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Pittsburgh sports psychologist keeps Bucks thinking positive

Friday, June 01, 2001

By Dan Gigler, Post-Gazette Staff Writer

Who knew that if the Milwaukee Bucks advance to the NBA Finals, the team's most crucial bench player might be a petite, 49-year old woman from Pittsburgh?

After squandering a 16-point lead Wednesday night, the Bucks found themselves facing elimination, down, 3-2, to the Philadelphia 76ers in the seven-game NBA Eastern Conference final, and ripe for criticism regarding their mental lapses.

After the game, NBC announcer Matt Guokas speculated: "If only [the Bucks] had kept their composure."

"Now it's Milwaukee's job to pick themselves back up," color analyst Bill Walton added ominously.

Enter Dr. Carole Kunkle-Miller.

Kunkle-Miller, a clinical psychologist and certified sports psychologist who lives in Mt. Lebanon, has helped the Bucks make a run for the NBA Finals with an unorthodox brand of goal-oriented personal coaching.

Described as a "Life Line Coach," Kunkle-Miller works with players to eliminate distractions and mental blocks to enhance their performance.

"I don't give advice, but rather I lead to solutions," she said of her innovative combination of reinforced positive thinking and visualization.

"If people come to see me and think they're going to a 'shrink,' they're wrong," she said. "I'm not a 'shrink.' I'm an enlarger."

A mutual friend put Kunkle-Miller in touch with Milwaukee head coach and Penn Hills native George Karl, who was seeking a motivational edge for his players. She immediately hit it off with Karl, interviewed for the job and began working with the team in January.

"So much of coaching is motivation and positive energy and setting goals and standards to meet on a daily basis," Karl said. "Carole is a director in that area."

Age, sex, the insulated world of sports celebrity, million-dollar salaries with egos to match and a difference in race could have been Dikembe Mutombo-sized roadblocks to Kunkle-Miller.

"The first time I addressed the team, I said to them, 'You're probably wondering what a short white lady from Pittsburgh is doing here,'" said Kunkle-Miller, who stands 5 feet 1.

Bucks guard Lindsey Hunter, an African-American, joked, "That's OK, our coach is short, white and from Pittsburgh," referring to Karl.

"I try to connect to common human factors," Kunkle-Miller said.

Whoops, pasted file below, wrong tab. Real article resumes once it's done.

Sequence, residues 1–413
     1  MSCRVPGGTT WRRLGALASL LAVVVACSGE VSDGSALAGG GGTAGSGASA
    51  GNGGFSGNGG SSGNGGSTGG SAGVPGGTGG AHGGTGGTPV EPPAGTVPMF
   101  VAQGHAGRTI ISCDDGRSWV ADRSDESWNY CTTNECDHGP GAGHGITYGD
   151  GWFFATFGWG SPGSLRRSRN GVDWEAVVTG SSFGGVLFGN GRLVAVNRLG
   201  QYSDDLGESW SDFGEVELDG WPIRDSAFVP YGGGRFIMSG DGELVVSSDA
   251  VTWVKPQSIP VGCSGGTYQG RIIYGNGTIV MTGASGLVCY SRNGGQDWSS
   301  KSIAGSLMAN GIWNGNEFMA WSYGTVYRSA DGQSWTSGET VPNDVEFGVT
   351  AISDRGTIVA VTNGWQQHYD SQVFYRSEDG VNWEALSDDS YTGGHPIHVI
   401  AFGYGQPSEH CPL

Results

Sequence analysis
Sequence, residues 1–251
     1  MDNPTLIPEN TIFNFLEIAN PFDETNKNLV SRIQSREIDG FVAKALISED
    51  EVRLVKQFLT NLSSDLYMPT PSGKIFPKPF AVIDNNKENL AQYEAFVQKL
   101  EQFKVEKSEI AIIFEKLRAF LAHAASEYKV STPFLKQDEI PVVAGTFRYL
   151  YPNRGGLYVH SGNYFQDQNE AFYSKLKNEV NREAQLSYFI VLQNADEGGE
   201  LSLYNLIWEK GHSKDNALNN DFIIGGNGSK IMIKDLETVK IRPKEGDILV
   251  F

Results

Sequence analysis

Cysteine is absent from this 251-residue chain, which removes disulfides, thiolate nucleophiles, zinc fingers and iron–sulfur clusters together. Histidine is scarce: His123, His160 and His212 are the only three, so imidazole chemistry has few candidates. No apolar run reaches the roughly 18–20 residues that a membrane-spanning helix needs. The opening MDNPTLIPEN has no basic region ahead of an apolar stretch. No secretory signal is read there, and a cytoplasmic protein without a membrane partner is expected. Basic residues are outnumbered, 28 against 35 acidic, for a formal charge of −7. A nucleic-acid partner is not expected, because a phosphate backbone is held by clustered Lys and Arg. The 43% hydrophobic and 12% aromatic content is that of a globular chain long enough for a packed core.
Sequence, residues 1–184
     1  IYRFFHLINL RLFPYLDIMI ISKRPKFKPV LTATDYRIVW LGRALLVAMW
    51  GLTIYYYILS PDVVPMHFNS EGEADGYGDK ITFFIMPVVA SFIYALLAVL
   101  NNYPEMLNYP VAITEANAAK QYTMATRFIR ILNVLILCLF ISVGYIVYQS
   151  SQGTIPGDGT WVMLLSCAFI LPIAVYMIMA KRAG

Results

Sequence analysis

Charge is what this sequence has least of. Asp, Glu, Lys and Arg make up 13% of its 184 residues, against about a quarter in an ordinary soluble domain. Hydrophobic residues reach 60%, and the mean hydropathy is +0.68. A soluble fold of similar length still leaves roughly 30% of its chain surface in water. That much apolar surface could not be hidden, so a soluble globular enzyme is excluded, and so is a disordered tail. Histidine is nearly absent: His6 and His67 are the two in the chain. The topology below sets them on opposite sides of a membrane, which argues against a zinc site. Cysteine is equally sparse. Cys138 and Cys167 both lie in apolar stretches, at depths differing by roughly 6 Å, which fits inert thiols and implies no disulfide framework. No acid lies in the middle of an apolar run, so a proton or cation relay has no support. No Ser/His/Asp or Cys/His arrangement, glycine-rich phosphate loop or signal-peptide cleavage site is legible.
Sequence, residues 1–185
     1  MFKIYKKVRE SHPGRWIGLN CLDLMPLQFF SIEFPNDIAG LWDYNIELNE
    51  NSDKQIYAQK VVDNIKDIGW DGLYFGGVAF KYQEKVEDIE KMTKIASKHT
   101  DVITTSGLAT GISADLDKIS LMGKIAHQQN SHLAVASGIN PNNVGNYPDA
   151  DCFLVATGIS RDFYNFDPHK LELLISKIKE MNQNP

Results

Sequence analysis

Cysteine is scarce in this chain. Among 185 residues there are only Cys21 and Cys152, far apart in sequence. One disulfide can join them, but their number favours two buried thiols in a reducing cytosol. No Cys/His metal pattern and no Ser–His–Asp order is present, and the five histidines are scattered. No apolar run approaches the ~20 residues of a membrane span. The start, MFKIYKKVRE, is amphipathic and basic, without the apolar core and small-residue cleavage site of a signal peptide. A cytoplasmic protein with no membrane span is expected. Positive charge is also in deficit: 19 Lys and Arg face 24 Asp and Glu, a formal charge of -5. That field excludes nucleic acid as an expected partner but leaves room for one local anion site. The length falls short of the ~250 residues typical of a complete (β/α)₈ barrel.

"I've successfully worked with a budding opera star and the chief financial officer of an Internet company and I'm not well versed in opera, finance or the Internet," she laughed.

"You and I might have a bad day at work and no one would notice. We aren't on TV or written up in newspapers or magazines," she explained of the performance anxieties players might face.

With even NBA reserves earning huge paychecks, the average sports fan might have little sympathy for a player taken off of his game by media scrutiny. Nonetheless, big demands follow big money, and Kunkle-Miller said such factors can hinder a player from showing his "true athletic brilliance" in a game.

If, for instance, Bucks star Ray Allen were mired in a slump, she would have him visualize great past performances.

"In that situation I'd ask what's going on in your mind? What are the psychological obstacles?

"I'd tell him to go back to his best game and go over the details. How do you recreate the situation? How did you feel inside? How did your body feel? What blocks are there?"

Though she lives and practices in Mt. Lebanon, she makes frequent trips to Milwaukee and is able to work with players via cellular phone, fax machine and e-mail.

During this series she faxed players instructions to envision the color red and themselves having a "red-hot hand" when shooting the ball. She closed with a quote from the late author and marathon training expert George Sheehan:

"If you want to win anything, erase yourself and your life. You have to go berserk."

She's even added a parochial Pittsburgh flavor to her hands-on sessions with the team.

"In person we've talked about affirmation -- the idea of repeating a goal and making it happen," Kunkle-Miller said.

In one exercise she prodded Karl to finish a song.

Kunkle-Miller started off, "The Bucs are goin' all the way," -- lyrics from a Pittsburgh Pirates fight song, circa 1960. Karl, a lifelong Pirates fan, finished every word and note.

"I told him to sing it everywhere, including the shower," she said.

Though the song referred to a different team, the message is no less applicable to these Bucks.

Even in conversation, Kunkle-Miller prefaces future events with, "When the Bucks win ... " -- never an "if."

"Its a coaching of the mind, like an assistant coach that helps work on technique or a strength coach helps with conditioning," Karl said.

"We're trying to put together the best medical and physical basketball program in the NBA, and the little things make a difference."

Although Milwaukee will have home-court advantage tonight, it will need added mental leverage to contend with Allen Iverson and the 76ers.

And, if and "when" the Bucks advance to the NBA Finals, Los Angeles Lakers Coach Phil Jackson, dubbed the "Zen Master" for his incorporation of Buddhist and Eastern philosophies into his coaching methods, will face an unlikely foe in the psychological battle for the NBA's top prize -- a short lady from Pittsburgh.

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